Maine Horse Track to Become COVID-19 Vaccination Site

Mon January 25, 2021 - Northeast Edition
News Center Maine


The developers of the Downs in Scarborough will turn the old harness-racing grandstand into a temporary COVID-19 vaccination clinic for MaineHealth. (Jim Neuger photo)
The developers of the Downs in Scarborough will turn the old harness-racing grandstand into a temporary COVID-19 vaccination clinic for MaineHealth. (Jim Neuger photo)

The owners of the former Scarborough Downs harness racing track are donating use of the facility's grandstand to MaineHealth so it can be converted into a high-volume COVID-19 vaccination site.

MaineHealth announced the new site preparation in Scarborough on Jan. 21. It will be open to all eligible Maine residents, said Dora Mills, a hospital system doctor.

"The goal is shots in arms as quickly as possible," she said. "I walked in and said, 'This is the perfect set up.'"

Crossroad Holdings, the Scarborough-based company that is redeveloping 500-plus acres at Scarborough Downs, has diverted its construction crews to retrofit the grandstand within a two-week period.

The 30,000 sq.-ft. clinic will have more than 100 MaineHealth employees and volunteers on-hand and will be able to vaccinate at least 1,000 people per day.

It is expected to be operational for six months, and longer if needed, said Peter Michaud, managing partner of Crossroad Holdings, which owns the former racetrack.

"We saw an opportunity to help," he explained. "Anything we can do to help stand the great state of Maine back up on its feet, we want to do that within our power."

A 40-member building team managed by Scarborough's Maine Properties and Risbara Brothers Construction is working seven days a week to complete the clinic for an opening at the end of January or early February. The construction teams are building clinical workspaces, improving access to high-speed broadband and building out refrigeration rooms needed to house the vaccines.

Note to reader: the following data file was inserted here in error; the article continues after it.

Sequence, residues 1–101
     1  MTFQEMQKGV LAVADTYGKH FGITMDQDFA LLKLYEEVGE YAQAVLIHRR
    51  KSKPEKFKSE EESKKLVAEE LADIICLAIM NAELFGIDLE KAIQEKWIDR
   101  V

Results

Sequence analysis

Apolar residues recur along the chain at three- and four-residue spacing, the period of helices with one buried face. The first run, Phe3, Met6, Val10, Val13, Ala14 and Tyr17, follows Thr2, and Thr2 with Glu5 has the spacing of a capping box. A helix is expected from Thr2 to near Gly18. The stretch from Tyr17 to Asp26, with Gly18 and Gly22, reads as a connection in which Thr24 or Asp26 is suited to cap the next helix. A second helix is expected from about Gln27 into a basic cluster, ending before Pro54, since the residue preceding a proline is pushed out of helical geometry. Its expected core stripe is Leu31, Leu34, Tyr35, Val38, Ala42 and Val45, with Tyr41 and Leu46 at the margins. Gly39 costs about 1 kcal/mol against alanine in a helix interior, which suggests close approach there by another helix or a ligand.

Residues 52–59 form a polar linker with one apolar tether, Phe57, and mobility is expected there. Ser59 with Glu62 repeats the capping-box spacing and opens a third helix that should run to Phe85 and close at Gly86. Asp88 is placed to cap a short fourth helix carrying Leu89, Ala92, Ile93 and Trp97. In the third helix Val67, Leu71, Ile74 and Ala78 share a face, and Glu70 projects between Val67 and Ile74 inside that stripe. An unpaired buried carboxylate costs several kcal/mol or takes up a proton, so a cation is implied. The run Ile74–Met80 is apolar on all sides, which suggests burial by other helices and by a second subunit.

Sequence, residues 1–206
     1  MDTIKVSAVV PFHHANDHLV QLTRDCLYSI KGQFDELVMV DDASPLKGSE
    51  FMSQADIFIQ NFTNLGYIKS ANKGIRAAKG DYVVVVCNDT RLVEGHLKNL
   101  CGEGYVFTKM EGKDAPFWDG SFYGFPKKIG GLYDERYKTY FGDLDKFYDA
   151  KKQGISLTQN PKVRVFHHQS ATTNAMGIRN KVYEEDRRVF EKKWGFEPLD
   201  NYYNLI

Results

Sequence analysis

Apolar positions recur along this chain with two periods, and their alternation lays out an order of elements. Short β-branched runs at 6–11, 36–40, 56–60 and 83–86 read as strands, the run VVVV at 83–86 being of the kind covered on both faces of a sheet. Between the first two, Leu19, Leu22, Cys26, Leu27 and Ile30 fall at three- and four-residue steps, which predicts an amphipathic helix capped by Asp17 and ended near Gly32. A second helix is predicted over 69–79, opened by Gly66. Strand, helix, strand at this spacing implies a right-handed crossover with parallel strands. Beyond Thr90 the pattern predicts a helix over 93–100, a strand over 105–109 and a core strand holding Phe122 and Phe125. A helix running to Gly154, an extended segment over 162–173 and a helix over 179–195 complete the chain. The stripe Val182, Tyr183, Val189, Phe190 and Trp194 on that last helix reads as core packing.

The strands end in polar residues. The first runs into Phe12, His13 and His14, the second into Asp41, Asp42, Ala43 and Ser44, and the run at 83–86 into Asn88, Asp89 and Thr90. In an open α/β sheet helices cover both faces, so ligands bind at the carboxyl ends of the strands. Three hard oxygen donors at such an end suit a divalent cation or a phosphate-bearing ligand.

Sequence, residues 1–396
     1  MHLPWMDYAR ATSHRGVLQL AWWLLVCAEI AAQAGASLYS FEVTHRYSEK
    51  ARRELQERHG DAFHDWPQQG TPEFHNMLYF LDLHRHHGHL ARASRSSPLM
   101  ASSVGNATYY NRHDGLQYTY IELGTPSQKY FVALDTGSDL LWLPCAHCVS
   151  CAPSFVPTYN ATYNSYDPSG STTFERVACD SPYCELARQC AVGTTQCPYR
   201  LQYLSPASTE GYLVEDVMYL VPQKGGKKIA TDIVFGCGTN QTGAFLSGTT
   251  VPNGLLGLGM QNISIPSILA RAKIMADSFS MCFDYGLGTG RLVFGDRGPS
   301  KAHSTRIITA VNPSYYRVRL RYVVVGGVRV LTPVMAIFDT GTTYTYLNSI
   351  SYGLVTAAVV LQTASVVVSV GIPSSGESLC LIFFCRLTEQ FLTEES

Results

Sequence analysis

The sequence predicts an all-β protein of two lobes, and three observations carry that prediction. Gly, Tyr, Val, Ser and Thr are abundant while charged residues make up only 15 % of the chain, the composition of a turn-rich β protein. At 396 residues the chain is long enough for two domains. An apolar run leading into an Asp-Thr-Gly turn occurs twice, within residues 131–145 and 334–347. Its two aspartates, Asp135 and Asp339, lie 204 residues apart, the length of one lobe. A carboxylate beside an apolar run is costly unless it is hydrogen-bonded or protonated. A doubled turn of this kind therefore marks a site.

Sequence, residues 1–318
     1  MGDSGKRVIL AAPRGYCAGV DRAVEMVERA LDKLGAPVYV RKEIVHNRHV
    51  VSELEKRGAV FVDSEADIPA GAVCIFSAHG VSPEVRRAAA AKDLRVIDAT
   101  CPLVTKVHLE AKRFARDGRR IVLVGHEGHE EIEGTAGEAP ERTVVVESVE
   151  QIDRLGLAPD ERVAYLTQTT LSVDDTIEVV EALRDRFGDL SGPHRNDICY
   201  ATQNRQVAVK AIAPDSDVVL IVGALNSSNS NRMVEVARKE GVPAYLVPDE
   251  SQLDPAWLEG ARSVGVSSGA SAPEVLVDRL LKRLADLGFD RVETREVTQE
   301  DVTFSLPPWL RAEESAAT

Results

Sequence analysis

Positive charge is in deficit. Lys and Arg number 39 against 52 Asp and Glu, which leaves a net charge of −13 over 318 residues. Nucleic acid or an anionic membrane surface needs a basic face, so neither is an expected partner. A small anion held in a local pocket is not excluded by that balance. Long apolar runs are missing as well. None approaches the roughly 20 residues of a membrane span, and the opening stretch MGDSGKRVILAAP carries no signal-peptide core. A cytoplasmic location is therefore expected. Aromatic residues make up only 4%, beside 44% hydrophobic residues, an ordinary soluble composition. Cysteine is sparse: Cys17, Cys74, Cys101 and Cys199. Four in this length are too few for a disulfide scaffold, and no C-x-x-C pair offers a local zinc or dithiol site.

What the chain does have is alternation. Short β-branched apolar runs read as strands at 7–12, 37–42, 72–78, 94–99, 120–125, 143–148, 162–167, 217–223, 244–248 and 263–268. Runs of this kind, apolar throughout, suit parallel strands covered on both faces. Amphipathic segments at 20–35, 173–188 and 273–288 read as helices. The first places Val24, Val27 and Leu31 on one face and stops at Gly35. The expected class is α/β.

The state of Maine is assisting with on-site security.

"[The Scarborough vaccination site] will reduce pressure on other parts of the system," said Nirav Shah, Maine CDC director. "It's like there being a bunch of different lines at the grocery store. When they see congestion happening, they open up more cashiers."

"Finding a space that is centrally located and able to accommodate all the needs of a high-volume clinic is vital to our efforts to get as many people vaccinated as quickly as possible," Bill Caron, CEO of MaineHealth said in a news release. "This generous donation from Crossroad Holdings is a big step forward in getting this pandemic under control and saving lives here in Maine."

Town leaders in Scarborough have been supportive of the project by working to quickly secure all needed permits for the grandstand's new, temporary use.

The issue now is getting more doses of vaccine.

"As soon as we have more vaccine, we're going to have the infrastructure such as Scarborough Downs to be able to get a lot of people in there," said Mills.




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